percent (n=179) of the sample reported no prior history of concussion, 34%
(n=129) reported experiencing 1 concussion of any grade, and 20% (n=79) reported
a history of 2 or more sustained concussions (range, 2-10) of any grade. A
significant relationship was found between total years participating in football
and total number of concussions sustained (r=0.15; P.02). Quarterbacks (17 of
25) and tight ends (15 of 23) had the the highest rates of prior concussion (68%
and 65%, respectively). Running backs-fullbacks (11 of 33) and kickers-punters
experienced the lowest rates of prior concussion (33% and 46%, respectively).
The prevalence of LD within the total sample of 393 athletes was 13.5% (n=53).
Of the players with no history of concussion (n=179), 10.6% (n=19) had a
diagnosed LD; of those who had experienced 1 prior concussion (n=129), 14.7%
(n=19) had diagnosed LD, and of those who had experienced multiple concussions
(n=79), 19.0% (n=15) had a diagnosed LD. Although these data suggest a possible
trend between history of LD and history of multiple concussions, this
relationship was not statistically significant (2=3.74; P=.15). Previous
Concussions, LD History, and Baseline Neuropsychological Performance The MANOVA
yielded significant main effects for both LD (F=4.57; P*.001) and concussion
history (F=1.91; P=.009) on neuropsychological test results, which indicated
that both of these variables were significantly related to overall
neuropsychological performance. The interaction of LD and concussion history was
not significant (F=1.17; P=.28). A follow-up series of univariate F tests was
completed to identify the specific neuropsychological measures that accounted
for the significant MANOVA. Tests for the LD main effect were Trails B
(F=15.98;P*.001); SDMT (F=22.9; P*.001); COWAT (F=11.6; P*.001); and Hopkins
delayed memory (F=11.8; P*.001). For the history of concussion main effect,
significant tests included Trails B (F=6.1; P=.002); SDMT (F=7.8; P*.001); and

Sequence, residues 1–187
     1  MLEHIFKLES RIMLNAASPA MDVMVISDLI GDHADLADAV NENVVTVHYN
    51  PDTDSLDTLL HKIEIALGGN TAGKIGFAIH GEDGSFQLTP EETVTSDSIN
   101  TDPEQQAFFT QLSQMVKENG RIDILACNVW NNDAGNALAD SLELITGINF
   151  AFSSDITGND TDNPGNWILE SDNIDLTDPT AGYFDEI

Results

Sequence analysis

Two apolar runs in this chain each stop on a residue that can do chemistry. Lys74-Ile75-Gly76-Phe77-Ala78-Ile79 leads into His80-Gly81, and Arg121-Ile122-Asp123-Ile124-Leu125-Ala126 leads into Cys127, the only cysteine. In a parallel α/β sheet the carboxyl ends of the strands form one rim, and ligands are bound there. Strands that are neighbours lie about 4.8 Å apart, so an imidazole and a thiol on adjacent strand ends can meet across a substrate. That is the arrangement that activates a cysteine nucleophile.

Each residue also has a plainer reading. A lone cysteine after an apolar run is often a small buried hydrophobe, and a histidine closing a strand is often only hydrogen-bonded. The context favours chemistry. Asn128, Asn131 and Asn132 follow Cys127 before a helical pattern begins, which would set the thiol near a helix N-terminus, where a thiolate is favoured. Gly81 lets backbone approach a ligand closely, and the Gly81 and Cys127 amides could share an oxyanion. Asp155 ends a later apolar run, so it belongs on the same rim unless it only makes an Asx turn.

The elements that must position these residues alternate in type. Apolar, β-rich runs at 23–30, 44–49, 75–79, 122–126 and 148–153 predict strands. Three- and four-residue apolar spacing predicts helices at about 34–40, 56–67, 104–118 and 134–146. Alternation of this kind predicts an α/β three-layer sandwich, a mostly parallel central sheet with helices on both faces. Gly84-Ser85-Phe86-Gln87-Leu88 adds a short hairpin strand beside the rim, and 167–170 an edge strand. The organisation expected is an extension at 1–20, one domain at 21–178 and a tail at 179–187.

total symptoms reported (F=4.6; P=.01). To evaluate concussion group differences
on the neuropsychological tests, additional post hoc analyses were conducted
using the Tukey Honest Significant Difference test for unequal subjects.24 Table
1 presents the group means (SDs) for athletes. The group with no history of
concussion reported fewer symptoms than both the single concussion group (P=.04)
and the multiple concussion group (P*.001) on the concussion symptom inventory.
Baseline symptoms increased as the number of concussions increased. On Trails B,
the multiple concussion group performed significantly worse at baseline than the
group with no history of concussion (P=.02) and the single concussion group
(P*.001). Baseline data also differed significantly on the SDMT with the
multiple concussion group performing worse than both the group with no history
of concussion (P=.008) and the single concussion group (P*.001). These findings
are not attributed to preexisting group differences in terms of aptitude as the
multiple concussion group had higher SAT and ACT scores than did the group with
no history of concussion and the single concussion group. The table presents
demographic and neuropsychological test data for the group with LD and the group
without LD. To investigate the interplay between concussion history and LD on
baseline neuropsychological test performance, a concussion history and LD
interaction term was constructed. Univariate F tests for all 10
neuropsychological variables demonstrated statistically significant interactions
for Trails B (F=4.99; P=.007) and SDMT (F=4.74; P=.009). In both cases, athletes
with a history of multiple concussions and LD performed significantly worse than
did athletes with no history of LD who had experienced multiple concussions
(Figure 1). In-Season Concussions Nineteen players in the study sample were
diagnosed by team medical staff as sustaining a concussion during the course of
the 1997-1999 seasons. Thirteen individuals sustained a grade 1 concussion
(mental status abnormalities resolved within 15 minutes), 4 athletes sustained a
grade 2 concussion (mental status abnormalities that lasted longer than 15
minutes, but resolved within 45 minutes), and 2 athletes sustained a grade 3
concussion (brief [approximately 5-10 seconds] loss of consciousness). The time
between baseline testing and in-season c

BibliographyMichael W. Collins, PhD; Scott H. Grindel, MD; Mark R. Lovell, PhD; Duane E.
Dede, PhD; David J. Moser, PhD; Benjamin R. Phalin, BS; Sally Nogle, MA, ATC;
Michael Wasik, MEd, ATC; David Cordry, MA; Michelle Klotz Daugherty, MA; Samuel
F. Sears, PhD; Guy Nicolette, MD; Peter Indelicato, MD; Douglas B. McKeag, MD